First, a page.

Xmarks' announcement that it would be shutting down in the near future is turning into a topsy-turvy saga. Now the Xmarks team has decided to reconsider offering a premium service in order to keep the product alive, thanks to an outcry from Xmarks fans. Here's the pitch: if you love Xmarks, pledge $10-20 to say you'd commit to a premium service. Your pledge doesn't require a credit card number, it's just a way of saying "I'd pay for this if you launched it."
If 100,000 people express interest, Xmarks may get a fresh start with a new company. The freemium model wasn't something Xmarks had ever considered before, because it now has to compete with free solutions like the ones built into Firefox and Chrome. None of those browser-based alternatives offer cross-browser syncing, though, so Xmarks can stay in the game if enough people are willing to pay for it.
Also worth noting: only 0.001% of the people who downloaded the Xmarks Firefox add-on actually clicked the donate button on the add-on page, and most of those were from Europe. That doesn't bode well for the pledge campaign, but we're rooting for Xmarks!
As I write this, they're up to nearly 1500 of the 100,000-pledge goal.
So, you go to a new website, and you want to leave a comment. Maybe you want to open an account, but just to check the service out. Of course, they want your email, ... but should you give them your real email? Perhaps you should head over to Mailinator and take a moment to create a temporary inbox.
On the one hand, going to Mailinator will take you a moment, and you might want that inbox in the future. On the other hand, you don't know the site all that well, and perhaps giving them your real email address isn't such a great idea. Decisions, decisions!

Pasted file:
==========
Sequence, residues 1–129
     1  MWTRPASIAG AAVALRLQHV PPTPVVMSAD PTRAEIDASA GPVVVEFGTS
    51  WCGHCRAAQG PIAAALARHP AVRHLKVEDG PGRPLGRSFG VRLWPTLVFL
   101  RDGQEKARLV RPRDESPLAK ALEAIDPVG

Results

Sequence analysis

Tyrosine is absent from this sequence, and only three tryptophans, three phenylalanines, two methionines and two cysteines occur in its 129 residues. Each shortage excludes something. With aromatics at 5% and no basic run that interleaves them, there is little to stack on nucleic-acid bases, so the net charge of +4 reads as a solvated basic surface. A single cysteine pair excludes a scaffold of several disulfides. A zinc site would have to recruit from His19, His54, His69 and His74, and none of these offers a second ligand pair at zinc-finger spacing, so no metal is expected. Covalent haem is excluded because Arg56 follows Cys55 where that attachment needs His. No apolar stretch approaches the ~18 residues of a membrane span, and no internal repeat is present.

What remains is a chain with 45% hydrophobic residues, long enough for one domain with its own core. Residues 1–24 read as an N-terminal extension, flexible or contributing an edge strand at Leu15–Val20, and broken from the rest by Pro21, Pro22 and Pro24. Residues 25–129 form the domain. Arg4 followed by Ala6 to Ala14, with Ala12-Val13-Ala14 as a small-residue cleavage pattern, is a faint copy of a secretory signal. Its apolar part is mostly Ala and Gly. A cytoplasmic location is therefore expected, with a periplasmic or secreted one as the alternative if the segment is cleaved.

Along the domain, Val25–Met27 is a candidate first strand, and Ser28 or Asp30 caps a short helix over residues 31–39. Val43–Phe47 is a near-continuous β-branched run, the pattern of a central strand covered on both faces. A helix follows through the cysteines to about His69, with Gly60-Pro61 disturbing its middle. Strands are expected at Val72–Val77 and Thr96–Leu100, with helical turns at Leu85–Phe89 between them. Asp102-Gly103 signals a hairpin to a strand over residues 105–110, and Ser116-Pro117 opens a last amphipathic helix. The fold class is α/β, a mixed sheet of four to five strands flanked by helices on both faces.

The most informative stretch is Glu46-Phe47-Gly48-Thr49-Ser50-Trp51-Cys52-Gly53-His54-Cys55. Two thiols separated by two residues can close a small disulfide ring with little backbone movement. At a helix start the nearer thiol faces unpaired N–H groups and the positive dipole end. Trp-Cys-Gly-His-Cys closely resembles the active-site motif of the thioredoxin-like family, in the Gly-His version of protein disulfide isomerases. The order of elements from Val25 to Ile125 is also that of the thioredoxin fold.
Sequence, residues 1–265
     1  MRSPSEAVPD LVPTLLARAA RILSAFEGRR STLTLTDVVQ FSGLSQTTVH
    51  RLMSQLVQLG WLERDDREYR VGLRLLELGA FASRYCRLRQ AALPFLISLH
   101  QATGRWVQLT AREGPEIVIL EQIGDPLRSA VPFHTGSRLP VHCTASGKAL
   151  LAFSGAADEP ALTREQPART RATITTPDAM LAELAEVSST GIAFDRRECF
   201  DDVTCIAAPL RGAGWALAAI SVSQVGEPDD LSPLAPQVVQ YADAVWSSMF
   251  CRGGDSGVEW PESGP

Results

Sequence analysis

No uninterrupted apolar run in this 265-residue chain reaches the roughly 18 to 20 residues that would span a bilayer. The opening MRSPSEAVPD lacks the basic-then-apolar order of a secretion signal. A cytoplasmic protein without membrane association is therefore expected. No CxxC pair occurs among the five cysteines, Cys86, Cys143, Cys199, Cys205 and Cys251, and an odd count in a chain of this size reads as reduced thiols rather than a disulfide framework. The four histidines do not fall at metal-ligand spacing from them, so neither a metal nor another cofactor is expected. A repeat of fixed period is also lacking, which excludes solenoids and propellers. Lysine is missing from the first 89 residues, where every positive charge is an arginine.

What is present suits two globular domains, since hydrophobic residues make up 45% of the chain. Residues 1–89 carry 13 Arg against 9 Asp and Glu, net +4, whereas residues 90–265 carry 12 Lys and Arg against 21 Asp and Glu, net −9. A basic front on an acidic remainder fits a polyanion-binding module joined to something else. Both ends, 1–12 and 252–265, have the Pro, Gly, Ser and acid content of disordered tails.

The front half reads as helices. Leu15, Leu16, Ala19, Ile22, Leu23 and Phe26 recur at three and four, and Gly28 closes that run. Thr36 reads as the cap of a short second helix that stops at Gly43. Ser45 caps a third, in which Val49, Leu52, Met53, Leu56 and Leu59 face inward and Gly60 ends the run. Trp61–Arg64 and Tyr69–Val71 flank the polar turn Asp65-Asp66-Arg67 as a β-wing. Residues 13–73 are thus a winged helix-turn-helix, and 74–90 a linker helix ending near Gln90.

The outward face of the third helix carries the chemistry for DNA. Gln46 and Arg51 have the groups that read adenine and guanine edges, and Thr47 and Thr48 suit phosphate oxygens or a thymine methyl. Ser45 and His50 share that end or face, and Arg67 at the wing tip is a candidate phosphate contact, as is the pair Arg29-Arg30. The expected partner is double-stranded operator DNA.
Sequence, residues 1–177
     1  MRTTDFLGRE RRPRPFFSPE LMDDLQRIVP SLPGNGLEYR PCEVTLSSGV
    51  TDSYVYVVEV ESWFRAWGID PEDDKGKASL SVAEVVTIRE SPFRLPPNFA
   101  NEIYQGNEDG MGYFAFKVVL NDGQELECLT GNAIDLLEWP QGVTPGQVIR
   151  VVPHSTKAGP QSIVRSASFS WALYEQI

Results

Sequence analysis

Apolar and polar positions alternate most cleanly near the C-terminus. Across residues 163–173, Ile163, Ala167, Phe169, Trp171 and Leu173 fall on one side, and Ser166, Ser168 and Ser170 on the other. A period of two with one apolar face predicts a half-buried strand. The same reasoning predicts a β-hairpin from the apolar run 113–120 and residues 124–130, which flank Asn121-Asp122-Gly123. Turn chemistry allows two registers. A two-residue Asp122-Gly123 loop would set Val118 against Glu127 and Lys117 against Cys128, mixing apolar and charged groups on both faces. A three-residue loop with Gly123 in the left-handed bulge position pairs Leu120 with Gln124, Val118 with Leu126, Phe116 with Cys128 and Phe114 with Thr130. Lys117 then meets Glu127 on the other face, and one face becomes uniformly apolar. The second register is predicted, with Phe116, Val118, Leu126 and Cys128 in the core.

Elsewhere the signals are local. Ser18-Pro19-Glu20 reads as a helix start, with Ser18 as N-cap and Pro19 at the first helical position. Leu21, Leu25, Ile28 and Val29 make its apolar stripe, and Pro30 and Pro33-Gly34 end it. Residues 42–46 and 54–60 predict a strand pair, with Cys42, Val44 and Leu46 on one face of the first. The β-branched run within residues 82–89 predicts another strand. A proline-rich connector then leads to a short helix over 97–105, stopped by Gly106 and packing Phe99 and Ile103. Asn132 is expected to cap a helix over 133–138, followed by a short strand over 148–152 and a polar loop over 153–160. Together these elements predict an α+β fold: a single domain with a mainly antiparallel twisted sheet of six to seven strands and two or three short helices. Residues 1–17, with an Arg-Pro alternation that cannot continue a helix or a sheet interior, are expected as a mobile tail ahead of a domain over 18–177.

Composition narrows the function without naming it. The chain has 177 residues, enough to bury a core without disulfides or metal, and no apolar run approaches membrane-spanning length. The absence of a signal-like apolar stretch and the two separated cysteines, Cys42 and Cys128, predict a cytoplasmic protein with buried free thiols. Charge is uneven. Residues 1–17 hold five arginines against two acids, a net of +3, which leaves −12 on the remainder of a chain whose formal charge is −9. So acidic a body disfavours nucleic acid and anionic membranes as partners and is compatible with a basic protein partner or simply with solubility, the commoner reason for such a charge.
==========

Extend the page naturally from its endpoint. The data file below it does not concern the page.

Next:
Firefox has long been the go-to web browser among power users for its impressive feature set, extensibility, and openness. But Google's nimble, light, also extensible and open browser, Chrome, has won over Firefox's core user base. Here's why: More »
Domain name notwithstanding, the add-on feels pretty solid (and has been tested by Mozilla). It adds a set of buttons to Firefox, which let you open the current page in any other browser that you've got installed.
In terms of UI, it's very flexible; you can add entries to the View menu, the main context menu, the main context menu for links, the tab context menu, or the tab bar (like in the screenshot).
Interestingly, on my own system, it wouldn't add Chrome to the list by default (even though I have two Chrome versions installed - Canary and the Dev build). However, it did add Microsoft Pivot, which I had completely forgotten about.
You can manually add browsers to the list, but you can't remove them -- which is a downer. It means I'm stuck with a Microsoft Pivot entry on my list, and that is enough to make me remove this add-on. That's too bad, because this is actually something I need; I often open the current page in other browsers.
Still, if you don't have an experimental browser that you never use this can be a nice solution. It would be even better, though, if the developer added a feature to allow for the removal of browsers.
Have you ever wanted to change the item listed in the context menu in Firefox and find that there are no ways for you to change it in the Preferences section? The Firefox browser comes with a list of preset items for your context menu and is supposed to be the most useful options during browsing. Since we all have different browsing habit, won’t it be great if we can rearrange the items in the context menu and add/remove items to enhance our efficiency?
Firefox does not comes with such option for you to change the context menu, so we have to rely on the menu editor extension to get the thing. With this extension, you can now edit your context menu (and any other menus), rearrange the options, hide the unnecessary and even add entry from other menus.
Install the menu editor addon from here. Alternatively, you can search for it in the Firefox Addon section.